On May 27th, 2017, the world was shocked to hear of the sudden passing of music legend, Gregg Allman. Allman, who had quite an extensive and incredibly innovative career as a founding member of The Allman Brothers Band- as well as an extensive solo career- is a musician who’s legacy is not so easily fit into a box. While it is easy to group him among the classic rockers- as he often is- he was also a musician deeply in touch with the blues and jazz, often tying them into his rock driven career in a seamless fashion, which is exactly what made him and The Allman Brothers Band stand out so much. Despite his ailing health in the past year, Allman was hard at work on what is now his final studio album, Southern Blood. Produced by none other than Don Was, a man nearly as eclectic as Allman, having worked with everyone from The Rolling Stones to Stone Temple Pilots and John Mayer, and backed by the final incarnation of The Gregg Allman Band, Southern Blood is an album that is as much a heritage piece to the deep south as it is to Allman’s legacy. Born in Nashville, Tennessee, and having spent a large portion of his early career based out of Macon, Georgia, Allman was no stranger to the American south, in fact, the Allman Brothers are often known for having spawned the southern rock genre, but curiously, despite being such a renowned songwriter, Southern Blood only includes one original song. The other nine songs are by a collection of artists who range from classic rock, the blues, folk, and funk, giving the listener an excellent sample of the diverse musical culture and heritage of the south, a region that greatly shaped and was later shaped by Allman himself.
Opening with “My Only True Friend”, the sole track penned by Allman, the listener is greeted with a blues inspired ballad with a gentle swaying feel. The track develops, creating a feeling of musical growth as it incorporates a tasteful guitar solo and beautifully played horns overtop a steady groove and light piano. Lyrically, the song confronts Allman’s limited time left in this world while giving both the audience and Allman himself a chance to look back on his life where he claims that the road- and likely the music which he played along his journey- is the true friend mentioned in the song’s title. The song isn’t supposed to start the album off with a bang; rather, in a manner likely inspired by David Bowie’s Blackstar, “My Only True Friend” is Allman’s final message and gift to the world, thanking his friends, family, and fans for a musical career which spanned over four decades. The song is intense and has a lingering feeling of sadness without regret that clashes with the grateful and sentiments and joy felt over a life well lived. Despite the strange juxtaposition, the song feels honest which makes the idea of Allman contemplating his own mortality that much more real.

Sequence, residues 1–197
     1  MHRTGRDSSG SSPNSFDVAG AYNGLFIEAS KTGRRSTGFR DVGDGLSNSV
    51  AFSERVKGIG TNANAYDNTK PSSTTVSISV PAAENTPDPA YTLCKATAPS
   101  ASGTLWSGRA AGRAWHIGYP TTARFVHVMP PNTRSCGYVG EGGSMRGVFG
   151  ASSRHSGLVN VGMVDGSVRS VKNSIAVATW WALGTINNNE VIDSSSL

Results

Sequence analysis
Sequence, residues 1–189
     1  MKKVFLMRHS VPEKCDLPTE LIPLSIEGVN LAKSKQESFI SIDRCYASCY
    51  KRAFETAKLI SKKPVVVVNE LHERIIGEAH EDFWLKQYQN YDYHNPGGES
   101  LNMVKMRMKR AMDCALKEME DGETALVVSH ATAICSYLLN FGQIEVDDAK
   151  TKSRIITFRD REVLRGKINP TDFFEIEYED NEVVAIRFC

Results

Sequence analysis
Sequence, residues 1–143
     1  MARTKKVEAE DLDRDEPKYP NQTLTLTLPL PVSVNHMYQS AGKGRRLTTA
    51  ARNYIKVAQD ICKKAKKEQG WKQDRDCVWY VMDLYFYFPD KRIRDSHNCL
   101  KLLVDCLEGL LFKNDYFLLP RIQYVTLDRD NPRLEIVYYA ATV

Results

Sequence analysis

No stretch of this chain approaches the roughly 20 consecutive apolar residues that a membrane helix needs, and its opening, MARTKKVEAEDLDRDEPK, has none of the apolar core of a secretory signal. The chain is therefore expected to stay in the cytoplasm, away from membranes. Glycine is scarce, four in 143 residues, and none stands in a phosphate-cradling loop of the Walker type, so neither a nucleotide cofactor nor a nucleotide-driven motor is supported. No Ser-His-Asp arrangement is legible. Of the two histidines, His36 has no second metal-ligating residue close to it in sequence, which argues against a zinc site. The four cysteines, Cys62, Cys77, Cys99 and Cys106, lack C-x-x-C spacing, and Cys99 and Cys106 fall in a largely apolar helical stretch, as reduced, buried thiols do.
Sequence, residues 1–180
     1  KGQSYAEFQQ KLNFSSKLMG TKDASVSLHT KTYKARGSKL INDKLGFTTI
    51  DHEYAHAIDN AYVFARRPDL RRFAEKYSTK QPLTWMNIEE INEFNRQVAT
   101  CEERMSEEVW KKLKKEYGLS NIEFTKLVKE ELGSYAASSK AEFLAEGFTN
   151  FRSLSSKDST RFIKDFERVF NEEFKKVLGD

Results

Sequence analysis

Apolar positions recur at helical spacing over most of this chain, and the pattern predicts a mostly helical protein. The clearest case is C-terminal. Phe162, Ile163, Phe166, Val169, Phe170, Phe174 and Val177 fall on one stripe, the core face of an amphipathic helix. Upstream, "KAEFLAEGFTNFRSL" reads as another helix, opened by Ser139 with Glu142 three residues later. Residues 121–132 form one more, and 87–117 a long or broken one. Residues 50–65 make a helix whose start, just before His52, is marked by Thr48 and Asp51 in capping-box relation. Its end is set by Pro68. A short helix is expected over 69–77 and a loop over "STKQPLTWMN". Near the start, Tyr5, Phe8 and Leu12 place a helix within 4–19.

Of the other nine tracks, Allman has chosen to cover tracks from artists of the likes of The Grateful Dead (“Black Muddy River”), Tim Buckley (“Once I Was”), and Scot Sharrard (“Love Like Kerosene”), among others. His selection not only highlights his own inspiration throughout much of his career, but also encapsulates a soundtrack to the south, ranging from bluesmen to folk singer-songwriters to southern rockers, Southern Blood is a carefully curated collection that caters to both the region’s cultural history as well as to Allman’s own musical interest. Of the covers, his rendition of Bob Dylan’s “Going Going Gone” stands out for its soulful quality that greatly contrasts with another standout cover of “I Love The Life I Live”, originally by Willie Dixon; a track which see’s Allman at his brashest and most powerful as he confidently belts out across the classic blues number. While each of the covers prove to be nothing short of excellent, the closing track, “A Song For Adam” not only features Jackson Browne- the original songwriter behind the song- but showcases an excellent collaboration that may have been among Allman’s last.
Southern Blood is an excellent album by any standards, but considering it is the final album from Gregg Allman, the record acts excellently as a bookend to his career. With the exception of the opening track, “My Only True Friend”, all the songs are covers, and while I’m curious as to this choice, I would have loved to have heard more originals from the late icon. That being said, each cover is performed excellently and thematically, it makes for a very cohesive album. Similarly to Bowie and Prince, there is something admirable about someone using the last of their life to create one final record. It is this devotion to his passion that makes Allman’s Southern Blood shine as bright as it does, just as it has made his career standout in countless of ways. Rest easy Gregg, and thank you for all the music.
SPILL ALBUM REVIEW: GREGG ALLMAN – SOUTHERN BLOOD